Communication for Sustainable Development

Emerging Markets cannot escape a global recession

Half of Europe is already in recession and the other half struggles to stay afloat. Japan is swimming in and out recessions, and the US is moving closer day-by-day—Tuesday’s unexpected decline was particularly worrisome even among the most optimistic investors; it comes as no surprise, therefore, that US and European markets sold off sharply on the news. But would a substantial slow-down or even an outright recession spread over to emerging markets?

Absolutely! Emerging markets are direct or indirect sellers of economic resources and final goods to mature economies, and a recession in these economies will certainly spread to mature economies. China, for instance, sells final goods to the US, while Brazil, Chile, and South Africa are selling raw materials to China. It goes without saying, therefore, that a US recession will be followed by a significant slow-down in the emerging economies, and an even more significant slow-down in the equity markets of these economies, as was the case in 2008—The iShares of the Emerging Markets Fund (EEM) dropped in tandem with SPDR 500 (SPY) and the Power Shares QQQ Trust (QQQ).

Investors in emerging markets further assume a number of country-specific risks, as most of emerging economies do not have the right mix of institutions, “the regime” that makes economic growth steady and sustainable. Latin American emerging market economies, for instance, lack a fair and transparent regime that lets markets deploy resources efficiently and effectively. African emerging market economies have yet to develop a democratic system that respects property rights, as one regime privatizes and the other nationalizes, magnifying business risks and uncertainties.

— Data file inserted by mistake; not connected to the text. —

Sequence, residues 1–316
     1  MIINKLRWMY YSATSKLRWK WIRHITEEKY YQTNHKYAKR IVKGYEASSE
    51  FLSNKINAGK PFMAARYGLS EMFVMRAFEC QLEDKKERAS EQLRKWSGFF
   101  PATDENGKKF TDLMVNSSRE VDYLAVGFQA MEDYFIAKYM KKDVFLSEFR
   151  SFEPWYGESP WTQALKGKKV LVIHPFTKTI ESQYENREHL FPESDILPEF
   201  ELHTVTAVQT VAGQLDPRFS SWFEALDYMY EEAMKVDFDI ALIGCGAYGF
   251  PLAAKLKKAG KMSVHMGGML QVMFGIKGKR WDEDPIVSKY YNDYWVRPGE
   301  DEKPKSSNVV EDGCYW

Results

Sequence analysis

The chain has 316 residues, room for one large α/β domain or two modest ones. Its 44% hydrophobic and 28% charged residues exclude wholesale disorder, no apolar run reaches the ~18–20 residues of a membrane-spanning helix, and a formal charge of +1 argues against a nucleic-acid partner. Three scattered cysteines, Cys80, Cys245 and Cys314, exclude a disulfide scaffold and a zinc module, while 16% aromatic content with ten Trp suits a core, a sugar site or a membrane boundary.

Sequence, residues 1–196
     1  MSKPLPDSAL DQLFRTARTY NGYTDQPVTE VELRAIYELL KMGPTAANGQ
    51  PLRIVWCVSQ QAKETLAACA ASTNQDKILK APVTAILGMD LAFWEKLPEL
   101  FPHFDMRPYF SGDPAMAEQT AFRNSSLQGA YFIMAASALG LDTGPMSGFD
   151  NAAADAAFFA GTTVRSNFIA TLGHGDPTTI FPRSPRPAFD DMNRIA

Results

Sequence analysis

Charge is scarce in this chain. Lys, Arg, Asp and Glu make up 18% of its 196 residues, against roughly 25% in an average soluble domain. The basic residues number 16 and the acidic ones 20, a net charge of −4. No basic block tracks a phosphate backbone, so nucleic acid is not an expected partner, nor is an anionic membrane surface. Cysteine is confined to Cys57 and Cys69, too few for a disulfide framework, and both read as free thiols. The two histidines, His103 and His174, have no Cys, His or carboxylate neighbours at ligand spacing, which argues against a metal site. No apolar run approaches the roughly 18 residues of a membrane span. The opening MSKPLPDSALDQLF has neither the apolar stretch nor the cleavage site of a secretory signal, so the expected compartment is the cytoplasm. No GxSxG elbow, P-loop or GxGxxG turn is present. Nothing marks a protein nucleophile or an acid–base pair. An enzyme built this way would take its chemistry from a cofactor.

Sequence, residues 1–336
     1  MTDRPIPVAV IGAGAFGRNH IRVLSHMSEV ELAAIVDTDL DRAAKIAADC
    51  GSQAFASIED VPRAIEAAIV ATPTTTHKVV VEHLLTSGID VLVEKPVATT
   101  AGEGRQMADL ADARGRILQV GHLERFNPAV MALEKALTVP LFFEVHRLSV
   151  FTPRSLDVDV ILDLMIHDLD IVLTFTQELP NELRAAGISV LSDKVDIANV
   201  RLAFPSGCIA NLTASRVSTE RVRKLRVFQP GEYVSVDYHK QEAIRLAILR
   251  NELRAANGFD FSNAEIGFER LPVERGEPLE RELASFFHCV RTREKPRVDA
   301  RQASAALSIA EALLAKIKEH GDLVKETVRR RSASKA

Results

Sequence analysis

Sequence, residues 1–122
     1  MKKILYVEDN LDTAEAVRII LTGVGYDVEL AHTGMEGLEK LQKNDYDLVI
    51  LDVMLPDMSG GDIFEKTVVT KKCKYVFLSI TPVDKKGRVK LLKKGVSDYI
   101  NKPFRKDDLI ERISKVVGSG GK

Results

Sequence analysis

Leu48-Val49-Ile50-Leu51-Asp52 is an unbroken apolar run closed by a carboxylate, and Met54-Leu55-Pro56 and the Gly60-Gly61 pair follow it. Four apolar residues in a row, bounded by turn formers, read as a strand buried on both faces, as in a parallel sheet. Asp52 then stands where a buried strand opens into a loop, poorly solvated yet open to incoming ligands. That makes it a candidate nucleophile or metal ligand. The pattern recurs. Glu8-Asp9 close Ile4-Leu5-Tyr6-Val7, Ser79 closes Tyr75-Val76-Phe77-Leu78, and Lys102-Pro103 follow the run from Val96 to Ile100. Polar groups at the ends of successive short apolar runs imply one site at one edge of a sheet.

Emerging markets from China to India, and even Greece apply the right models in the wrong sectors of the economy: they extend government’s role in areas of the economy markets excel, and limit its role in areas of the economy markets fail–creating a dangerous cocktail of institutions that undermines the economic efficiency and dynamism of these countries. Emerging market corporations aren’t what they seem to be, fast growing enterprises that enhance shareholder value. Instead, they are partnerships that enhance the interests of government bureaucrats, union bosses, and local moguls that are in control of management and the regime they operate. This is especially the case for the majority of companies privatized in the 1980s and the 1990s, which attracted the interest of foreign investors like Petrobas (PBR) in Brazil and China Petroleum and Chemical Corporation (SNP), as well as Chinese banks listed in Hong Kong and Shanghai Exchanges


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